Rutgers Law School and ACLU Challenge Denial of Voting Rights in Groundbreaking Lawsuit

Affiliate: ACLU of New Jersey
January 6, 2004 12:00 am

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NEWARK — The American Civil Liberties Union and the Constitutional Litigation Clinic at Rutgers Law School today filed a groundbreaking lawsuit challenging the denial of voting rights to persons on probation or parole in New Jersey.

The lawsuit, the first of its kind nationwide, maintains that because minorities are vastly over-represented in the criminal justice system, state laws denying probationers and parolees the right to vote result in a denial of the New Jersey Constitution’s guarantee of “”equal protection under the law.””

“”It is now well documented that, as a consequence of racial profiling, members of racial minority groups have been investigated, arrested, prosecuted and convicted in New Jersey in numbers totally disproportionate to their propensity to commit crimes,”” said Professor Frank Askin, Director of the Constitutional Litigation Clinic. “”The consequence is that members of the African American and Latino communities are denied an equal opportunity to influence the electoral and political process.””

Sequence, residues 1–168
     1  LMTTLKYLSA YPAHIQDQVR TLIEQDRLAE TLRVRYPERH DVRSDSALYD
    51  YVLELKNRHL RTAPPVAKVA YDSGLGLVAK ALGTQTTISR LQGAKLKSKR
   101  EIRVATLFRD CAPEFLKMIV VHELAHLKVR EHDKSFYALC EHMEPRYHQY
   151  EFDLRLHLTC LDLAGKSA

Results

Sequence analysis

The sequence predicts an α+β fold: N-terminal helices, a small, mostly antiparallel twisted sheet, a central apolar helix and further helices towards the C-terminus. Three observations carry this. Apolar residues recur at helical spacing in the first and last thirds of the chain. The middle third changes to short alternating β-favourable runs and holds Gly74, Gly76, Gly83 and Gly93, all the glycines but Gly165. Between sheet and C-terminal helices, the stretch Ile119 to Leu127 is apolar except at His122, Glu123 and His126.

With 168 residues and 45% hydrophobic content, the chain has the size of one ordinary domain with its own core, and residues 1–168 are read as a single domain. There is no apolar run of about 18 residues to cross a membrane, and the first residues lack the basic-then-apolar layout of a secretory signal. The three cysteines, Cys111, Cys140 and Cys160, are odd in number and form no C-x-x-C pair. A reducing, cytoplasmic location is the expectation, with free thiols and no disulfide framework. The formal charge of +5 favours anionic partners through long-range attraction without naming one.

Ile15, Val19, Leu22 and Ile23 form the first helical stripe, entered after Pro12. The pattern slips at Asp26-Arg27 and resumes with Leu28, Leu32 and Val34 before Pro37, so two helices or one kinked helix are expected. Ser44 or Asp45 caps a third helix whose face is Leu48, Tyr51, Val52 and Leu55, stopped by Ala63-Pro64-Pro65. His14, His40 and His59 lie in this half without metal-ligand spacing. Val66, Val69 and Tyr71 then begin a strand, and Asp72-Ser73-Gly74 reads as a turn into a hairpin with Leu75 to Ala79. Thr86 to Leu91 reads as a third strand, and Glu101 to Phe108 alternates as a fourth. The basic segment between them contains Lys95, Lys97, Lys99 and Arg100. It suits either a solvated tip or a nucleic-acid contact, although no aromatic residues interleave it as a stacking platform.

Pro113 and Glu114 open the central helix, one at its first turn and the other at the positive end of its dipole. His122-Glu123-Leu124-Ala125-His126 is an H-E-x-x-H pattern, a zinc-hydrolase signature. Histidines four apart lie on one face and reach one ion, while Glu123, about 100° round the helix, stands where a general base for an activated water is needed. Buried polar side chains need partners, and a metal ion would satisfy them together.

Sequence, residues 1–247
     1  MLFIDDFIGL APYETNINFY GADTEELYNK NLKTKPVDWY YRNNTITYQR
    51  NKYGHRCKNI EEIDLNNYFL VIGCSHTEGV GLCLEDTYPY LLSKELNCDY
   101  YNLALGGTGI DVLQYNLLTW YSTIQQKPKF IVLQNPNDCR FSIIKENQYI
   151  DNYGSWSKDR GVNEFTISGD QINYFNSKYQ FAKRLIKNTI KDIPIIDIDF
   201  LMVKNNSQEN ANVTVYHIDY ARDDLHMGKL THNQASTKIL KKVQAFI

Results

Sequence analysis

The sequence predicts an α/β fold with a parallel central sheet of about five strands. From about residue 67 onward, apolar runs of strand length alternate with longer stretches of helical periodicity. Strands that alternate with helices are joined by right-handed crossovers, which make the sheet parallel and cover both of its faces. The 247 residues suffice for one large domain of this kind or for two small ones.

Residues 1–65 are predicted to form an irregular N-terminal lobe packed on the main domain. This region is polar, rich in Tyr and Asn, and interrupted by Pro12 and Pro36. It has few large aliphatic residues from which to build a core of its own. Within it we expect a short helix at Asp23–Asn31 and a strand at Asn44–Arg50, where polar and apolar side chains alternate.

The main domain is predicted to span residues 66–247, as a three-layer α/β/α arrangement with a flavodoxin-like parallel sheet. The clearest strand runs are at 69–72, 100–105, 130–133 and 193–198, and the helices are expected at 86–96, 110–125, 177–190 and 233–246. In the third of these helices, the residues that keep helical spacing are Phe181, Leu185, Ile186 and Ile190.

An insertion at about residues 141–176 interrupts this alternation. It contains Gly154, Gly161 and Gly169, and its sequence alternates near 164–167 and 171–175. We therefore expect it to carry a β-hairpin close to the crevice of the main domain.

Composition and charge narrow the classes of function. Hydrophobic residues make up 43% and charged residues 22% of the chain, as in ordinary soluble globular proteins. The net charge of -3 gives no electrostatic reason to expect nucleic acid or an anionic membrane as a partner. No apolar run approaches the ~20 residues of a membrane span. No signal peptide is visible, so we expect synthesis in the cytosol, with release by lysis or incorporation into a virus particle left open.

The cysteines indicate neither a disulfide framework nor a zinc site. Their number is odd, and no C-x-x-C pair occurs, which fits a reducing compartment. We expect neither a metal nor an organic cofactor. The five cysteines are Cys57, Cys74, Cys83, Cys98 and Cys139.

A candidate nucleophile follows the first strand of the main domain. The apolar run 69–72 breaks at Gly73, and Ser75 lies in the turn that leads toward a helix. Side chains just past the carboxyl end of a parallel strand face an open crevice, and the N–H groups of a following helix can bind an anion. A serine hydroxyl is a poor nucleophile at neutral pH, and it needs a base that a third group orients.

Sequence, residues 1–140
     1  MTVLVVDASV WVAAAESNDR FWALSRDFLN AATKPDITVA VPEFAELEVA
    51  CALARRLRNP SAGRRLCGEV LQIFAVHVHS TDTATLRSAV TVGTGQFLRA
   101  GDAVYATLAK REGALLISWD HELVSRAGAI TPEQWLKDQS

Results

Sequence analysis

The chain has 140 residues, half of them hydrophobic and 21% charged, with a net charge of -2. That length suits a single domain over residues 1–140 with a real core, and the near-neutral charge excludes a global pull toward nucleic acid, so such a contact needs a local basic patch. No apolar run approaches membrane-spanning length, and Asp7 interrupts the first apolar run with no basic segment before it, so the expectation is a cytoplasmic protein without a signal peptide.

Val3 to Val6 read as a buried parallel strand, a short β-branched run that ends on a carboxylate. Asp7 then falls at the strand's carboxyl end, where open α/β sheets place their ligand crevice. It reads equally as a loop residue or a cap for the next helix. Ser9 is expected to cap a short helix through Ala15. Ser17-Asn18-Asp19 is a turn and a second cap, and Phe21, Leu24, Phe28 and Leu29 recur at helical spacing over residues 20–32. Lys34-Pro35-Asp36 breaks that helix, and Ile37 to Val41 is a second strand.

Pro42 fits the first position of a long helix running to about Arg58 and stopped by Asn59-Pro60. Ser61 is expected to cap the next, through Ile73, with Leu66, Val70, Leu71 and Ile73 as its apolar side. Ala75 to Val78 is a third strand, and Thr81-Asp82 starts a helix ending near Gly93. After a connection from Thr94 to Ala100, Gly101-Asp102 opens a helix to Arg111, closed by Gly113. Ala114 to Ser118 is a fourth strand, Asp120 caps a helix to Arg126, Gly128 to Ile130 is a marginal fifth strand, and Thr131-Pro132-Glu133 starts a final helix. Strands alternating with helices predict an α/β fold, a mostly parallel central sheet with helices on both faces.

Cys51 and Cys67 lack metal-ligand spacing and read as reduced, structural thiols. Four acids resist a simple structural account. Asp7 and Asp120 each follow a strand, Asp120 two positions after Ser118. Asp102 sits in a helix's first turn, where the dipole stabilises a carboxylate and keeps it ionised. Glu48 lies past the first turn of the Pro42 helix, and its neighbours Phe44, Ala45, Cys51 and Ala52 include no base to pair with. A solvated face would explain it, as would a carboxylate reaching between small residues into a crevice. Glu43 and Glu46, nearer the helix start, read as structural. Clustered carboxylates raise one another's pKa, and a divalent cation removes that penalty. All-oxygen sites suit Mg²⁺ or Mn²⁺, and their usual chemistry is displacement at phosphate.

About 80 percent of parolees and some 60 percent of probationers in New Jersey are of African American or Hispanic origin, Askin said.

The lawsuit was filed on behalf of the New Jersey State Conference of the NAACP, the Latino Leadership Alliance of New Jersey, Councilwoman Patricia Perkins-Aguste and Councilman Carlos J. Alma, both of Elizabeth, and ten individuals on parole or probation.

The ACLU has a long-standing interest in felony disenfranchisement and voting rights issues, noted Deborah Jacobs, Executive Director of the ACLU of New Jersey. Nationally, the ACLU distributes a “”Reclaim Your Vote”” packet to ex-offenders who have finished their sentence and need direction to register to vote. In addition, the ACLU of New Jersey has advocated for voter registration in jails, where many of the prisoners are pre-trial detainees and maintain their right to vote barring a conviction.

“”Not only is it an injustice that minorities are disproportionately affected by felony disenfranchisement in New Jersey, but the state needs to give serious consideration to what interest it serves by denying these individuals the right to vote,”” Jacobs said. “”Allowing probationers and parolees the right to vote is beneficial to our society. It teaches responsibility, gives people a sense of belonging and contribution, and encourages participation in a civic responsibility that we can all agree too few engage in.””

The case was filed in Union County Superior Court in Elizabeth. The lead attorneys are Frank Askin, Director of the Rutgers Constitutional Clinic, assisted by the law students who work for the clinic, and Laughlin McDonald, director of the ACLU’s Voting Rights Project, based in Atlanta, Georgia.

The complaint in the case is online at /node/35078

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